In addition to various types of CA glue, we can use a bunch of extra products to help us while working with it and expand its possibilities.
Most common one is the kicker, or accelerator, which massively speeds up the curing time. Whether it’s already holding two pieces, or it’s just spread out on a surface, using kicker will turn CA rock hard within a second. Keep in mind though that accelerated CA will be much harder and slightly more brittle than if it cured naturally – not the best option for gap filling, especially when scribing.
Speaking of – next up is filler powder. Mixing it with CA will pretty much create instant putty. It works best by dropping some powder on a surface, then adding extra-thin CA (like Deluxe Materials Roket Hot) on top. Liquid CA will quickly spread throughout the powder and bond it to a surface within seconds. There are some branded filler powders, but save your cash. Cheap alternatives like baking soda, cornstarch or baby powder work just as well. Once again though – this kind of filler is too hard to be used when scribing.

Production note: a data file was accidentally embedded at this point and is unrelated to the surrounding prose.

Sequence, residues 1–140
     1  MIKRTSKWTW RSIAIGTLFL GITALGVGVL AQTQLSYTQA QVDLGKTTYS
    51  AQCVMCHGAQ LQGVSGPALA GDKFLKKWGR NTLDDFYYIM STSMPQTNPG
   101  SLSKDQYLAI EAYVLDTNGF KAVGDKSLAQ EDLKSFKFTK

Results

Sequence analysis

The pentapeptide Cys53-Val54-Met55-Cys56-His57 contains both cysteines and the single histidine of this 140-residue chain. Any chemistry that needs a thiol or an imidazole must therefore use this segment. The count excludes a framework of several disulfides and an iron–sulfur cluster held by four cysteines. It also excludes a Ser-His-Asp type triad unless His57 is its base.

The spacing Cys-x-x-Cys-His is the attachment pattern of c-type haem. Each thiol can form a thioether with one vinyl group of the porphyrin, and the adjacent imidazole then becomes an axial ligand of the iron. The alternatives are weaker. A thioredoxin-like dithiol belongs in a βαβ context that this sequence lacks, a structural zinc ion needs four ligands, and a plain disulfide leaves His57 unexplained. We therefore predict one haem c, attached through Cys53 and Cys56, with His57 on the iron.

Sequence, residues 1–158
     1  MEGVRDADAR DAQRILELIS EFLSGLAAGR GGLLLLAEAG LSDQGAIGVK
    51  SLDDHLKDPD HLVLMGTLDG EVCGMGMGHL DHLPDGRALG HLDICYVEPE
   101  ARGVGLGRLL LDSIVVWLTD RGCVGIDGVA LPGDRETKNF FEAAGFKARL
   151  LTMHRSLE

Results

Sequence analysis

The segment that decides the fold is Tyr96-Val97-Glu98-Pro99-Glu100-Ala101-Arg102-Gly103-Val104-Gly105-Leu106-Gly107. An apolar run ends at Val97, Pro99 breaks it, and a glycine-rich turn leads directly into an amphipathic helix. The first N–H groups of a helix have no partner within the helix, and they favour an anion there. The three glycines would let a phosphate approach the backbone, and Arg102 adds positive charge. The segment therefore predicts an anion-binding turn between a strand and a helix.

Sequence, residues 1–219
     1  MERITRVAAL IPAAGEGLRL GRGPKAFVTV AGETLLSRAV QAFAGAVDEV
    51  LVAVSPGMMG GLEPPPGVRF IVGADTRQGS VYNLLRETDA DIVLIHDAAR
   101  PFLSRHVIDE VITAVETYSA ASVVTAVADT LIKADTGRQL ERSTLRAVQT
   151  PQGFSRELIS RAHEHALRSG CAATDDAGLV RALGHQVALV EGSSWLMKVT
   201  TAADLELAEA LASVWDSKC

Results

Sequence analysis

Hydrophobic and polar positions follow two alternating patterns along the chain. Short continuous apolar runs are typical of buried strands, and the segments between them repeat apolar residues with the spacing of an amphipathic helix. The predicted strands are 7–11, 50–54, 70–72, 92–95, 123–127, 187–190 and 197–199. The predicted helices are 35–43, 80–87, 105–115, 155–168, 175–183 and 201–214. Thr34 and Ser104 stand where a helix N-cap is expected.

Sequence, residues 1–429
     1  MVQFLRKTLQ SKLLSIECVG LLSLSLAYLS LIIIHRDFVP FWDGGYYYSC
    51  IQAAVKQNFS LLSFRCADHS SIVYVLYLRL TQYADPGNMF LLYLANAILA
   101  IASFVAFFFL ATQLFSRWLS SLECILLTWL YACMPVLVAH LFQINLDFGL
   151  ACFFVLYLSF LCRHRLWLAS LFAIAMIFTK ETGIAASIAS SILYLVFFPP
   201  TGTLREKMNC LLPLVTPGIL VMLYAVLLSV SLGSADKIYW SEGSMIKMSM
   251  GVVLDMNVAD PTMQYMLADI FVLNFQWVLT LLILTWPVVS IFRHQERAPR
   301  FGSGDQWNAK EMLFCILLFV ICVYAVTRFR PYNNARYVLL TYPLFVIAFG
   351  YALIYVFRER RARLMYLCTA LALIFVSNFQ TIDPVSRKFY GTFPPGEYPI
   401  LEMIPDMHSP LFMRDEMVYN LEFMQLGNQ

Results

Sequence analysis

Next up, we have adhesion promoter, sometimes also called CA primer. This chemical is intended to go over difficult materials – like polycaps – and allow them to be bonded by CA glue. It’s neat when it works, but it can be somewhat unreliable and require multiple applications. Polycaps are tricky.
Finally we have the debonder – a chemical which dissolves cured CA and allows the pieces to be separated. More often than not ‘pieces’ will be your fingers. Worth having.